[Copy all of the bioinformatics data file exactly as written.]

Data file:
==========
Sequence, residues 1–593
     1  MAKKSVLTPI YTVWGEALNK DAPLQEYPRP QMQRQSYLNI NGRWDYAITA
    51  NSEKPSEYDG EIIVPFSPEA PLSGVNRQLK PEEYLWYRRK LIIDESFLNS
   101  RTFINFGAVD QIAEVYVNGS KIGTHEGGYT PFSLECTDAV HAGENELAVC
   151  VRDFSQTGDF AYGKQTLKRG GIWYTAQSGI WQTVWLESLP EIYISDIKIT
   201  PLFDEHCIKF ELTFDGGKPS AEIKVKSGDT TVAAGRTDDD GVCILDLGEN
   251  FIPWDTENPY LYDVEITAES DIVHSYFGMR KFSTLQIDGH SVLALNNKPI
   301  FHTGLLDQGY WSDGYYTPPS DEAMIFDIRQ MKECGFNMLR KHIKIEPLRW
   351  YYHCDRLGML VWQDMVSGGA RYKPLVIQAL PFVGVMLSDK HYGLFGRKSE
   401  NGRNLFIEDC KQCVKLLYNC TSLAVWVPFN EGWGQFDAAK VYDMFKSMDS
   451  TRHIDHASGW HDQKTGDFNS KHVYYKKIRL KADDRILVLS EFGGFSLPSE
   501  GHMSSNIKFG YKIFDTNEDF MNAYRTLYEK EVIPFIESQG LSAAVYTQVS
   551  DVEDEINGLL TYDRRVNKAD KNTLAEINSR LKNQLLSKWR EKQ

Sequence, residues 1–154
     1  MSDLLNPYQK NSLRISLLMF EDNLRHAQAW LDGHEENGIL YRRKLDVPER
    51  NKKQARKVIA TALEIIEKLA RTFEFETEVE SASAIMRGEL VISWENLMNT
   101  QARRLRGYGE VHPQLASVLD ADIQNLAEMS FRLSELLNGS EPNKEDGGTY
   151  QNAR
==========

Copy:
Sequence, residues 1–593
     1  MAKKSVLTPI YTVWGEALNK DAPLQEYPRP QMQRQSYLNI NGRWDYAITA
    51  NSEKPSEYDG EIIVPFSPEA PLSGVNRQLK PEEYLWYRRK LIIDESFLNS
   101  RTFINFGAVD QIAEVYVNGS KIGTHEGGYT PFSLECTDAV HAGENELAVC
   151  VRDFSQTGDF AYGKQTLKRG GIWYTAQSGI WQTVWLESLP EIYISDIKIT
   201  PLFDEHCIKF ELTFDGGKPS AEIKVKSGDT TVAAGRTDDD GVCILDLGEN
   251  FIPWDTENPY LYDVEITAES DIVHSYFGMR KFSTLQIDGH SVLALNNKPI
   301  FHTGLLDQGY WSDGYYTPPS DEAMIFDIRQ MKECGFNMLR KHIKIEPLRW
   351  YYHCDRLGML VWQDMVSGGA RYKPLVIQAL PFVGVMLSDK HYGLFGRKSE
   401  NGRNLFIEDC KQCVKLLYNC TSLAVWVPFN EGWGQFDAAK VYDMFKSMDS
   451  TRHIDHASGW HDQKTGDFNS KHVYYKKIRL KADDRILVLS EFGGFSLPSE
   501  GHMSSNIKFG YKIFDTNEDF MNAYRTLYEK EVIPFIESQG LSAAVYTQVS
   551  DVEDEINGLL TYDRRVNKAD KNTLAEINSR LKNQLLSKWR EKQ

Sequence, residues 1–154
     1  MSDLLNPYQK NSLRISLLMF EDNLRHAQAW LDGHEENGIL YRRKLDVPER
    51  NKKQARKVIA TALEIIEKLA RTFEFETEVE SASAIMRGEL VISWENLMNT
   101  QARRLRGYGE VHPQLASVLD ADIQNLAEMS FRLSELLNGS EPNKEDGGTY
   151  QNAR